Monthly Archives: August 2017

The passing of time

It has been six years since we buried my father; six orbits around the sun, a sentiment that conjures up in my mind an image of my niece spinning round with her arms out stretched, smiling face turned up towards the sun whose light makes her blonde her shine golden… These two things don’t match up though, my dad died before my niece’s existence was anything more than star dust and she’s probably not yet old enough to understand more than everyone has a mummy and a daddy but for many unfamiliar reasons some children only seem to have one, including her mummy and me.

Today six years ago family and friends gathered to remember him, but it is not this same day… Today it is been raining and the earth is gratefully soaking up the moisture after a long hot bank holiday, six years ago I remember it being sunny and bright. Six years ago today was Tuesday, and felt like an extension of the long bank holiday weekend, this year it is Wednesday and feels like the summer is starting to slip away.

Looking back to standing with my siblings six years ago puts me in mind of a group of fledglings all about to move out from the family home and carve a place in the big wide world for ourselves, now my younger siblings are grown-ups; some with children, some married, some home owners, some engaged. All with new friends and family that my dads existences has no meaning for. Not Earth grounded, personal experience meaning anyway.

I still struggle with grieving; I’m not sure if I still am, if I have or if I have even started yet. There are singers who’s music I still cannot listen to or that make me want to cry if I hear their songs unexpectedly  on the radio through not wanting to remember but the ends or changing of TV series my dad enjoyed have bought a lump to my throat through not wanting to forget or lose these reminders of him. I feel guilty for not taking flowers or visiting his grave more often but don’t feel that where he is buried has any connection to him or who he was. On days I am not feeling strong I get angry and upset with the world for changing and leaving my dad behind but on others days push forward in becoming the grown-up I now am and with the life I want to create, all be it without him.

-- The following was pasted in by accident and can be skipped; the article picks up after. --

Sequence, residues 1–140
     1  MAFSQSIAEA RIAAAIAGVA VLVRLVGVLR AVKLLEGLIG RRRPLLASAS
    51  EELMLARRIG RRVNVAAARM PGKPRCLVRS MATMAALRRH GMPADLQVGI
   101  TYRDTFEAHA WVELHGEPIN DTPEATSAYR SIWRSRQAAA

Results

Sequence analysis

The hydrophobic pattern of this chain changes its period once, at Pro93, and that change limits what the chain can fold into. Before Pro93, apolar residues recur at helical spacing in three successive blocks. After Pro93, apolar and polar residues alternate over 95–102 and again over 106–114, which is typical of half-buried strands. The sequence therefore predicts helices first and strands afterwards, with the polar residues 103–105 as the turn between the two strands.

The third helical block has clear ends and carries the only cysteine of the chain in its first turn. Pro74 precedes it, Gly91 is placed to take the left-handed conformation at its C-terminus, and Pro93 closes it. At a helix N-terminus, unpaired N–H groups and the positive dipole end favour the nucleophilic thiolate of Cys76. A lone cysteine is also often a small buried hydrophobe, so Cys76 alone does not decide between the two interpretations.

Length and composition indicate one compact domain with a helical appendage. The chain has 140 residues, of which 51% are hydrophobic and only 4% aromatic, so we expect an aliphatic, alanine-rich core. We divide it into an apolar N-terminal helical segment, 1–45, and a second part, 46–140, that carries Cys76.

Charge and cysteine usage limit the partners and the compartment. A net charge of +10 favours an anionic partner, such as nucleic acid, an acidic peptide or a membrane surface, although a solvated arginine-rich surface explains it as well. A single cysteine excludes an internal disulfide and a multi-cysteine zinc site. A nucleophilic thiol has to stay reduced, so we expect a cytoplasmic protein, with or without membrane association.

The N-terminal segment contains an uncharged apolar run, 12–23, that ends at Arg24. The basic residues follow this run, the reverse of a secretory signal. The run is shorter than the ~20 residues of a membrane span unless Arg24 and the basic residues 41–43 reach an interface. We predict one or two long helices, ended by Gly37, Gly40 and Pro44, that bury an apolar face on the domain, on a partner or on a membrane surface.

My dad wasn’t ready to die, even after years of being ill and in pain, and so we fought dying with him. We refused to let the hospital give up, we didn’t have those conversations about what he wanted after he was gone or how he wanted to be remembered, perhaps it would have been easier if we had, if there had been a plan… but there wasn’t and I can’t bring myself to think of my dad knowing he was going to die and how scared that would have made him feel.

Or perhaps having those conversations or a plan would have left a feeling of “we gave up too soon…” who knows.

When someone dies a doctor has to sign the death certificate which they charge a fee for, I didn’t know that until my dad died. When my mum went to get all the paper work sorted the doctors at the hospital refused this fee and that acknowledgement that we’d done everything we could still brings me pride and comfort (please, if I am deluded that this fee waving is not common practise and it was not an acknowledgement of all we had done and doctors often refuse this cold-hearted expense, be kind and do not shatter my illusion).

The idea of mourning a parent is such a completed one; no matter how many you have, or whether they are present or completely absent they have such a role in shaping who a person becomes; the believes they have, what their hopes, dreams, worries and fears are, how someone views the world and someone’s understanding of what is right and just… That shaping near dies and carries on having a ripple effect on existence for generation after generation. But a parents presence is what is mourned after they are gone; the promise that when you climb too high and get stuck there is someone to climb up after you and bring you back down, even if you’ve long stopped climbing trees and been too big for a parent to carry in their arms for many years. That promise being gone forever, for me, is what hurts the most.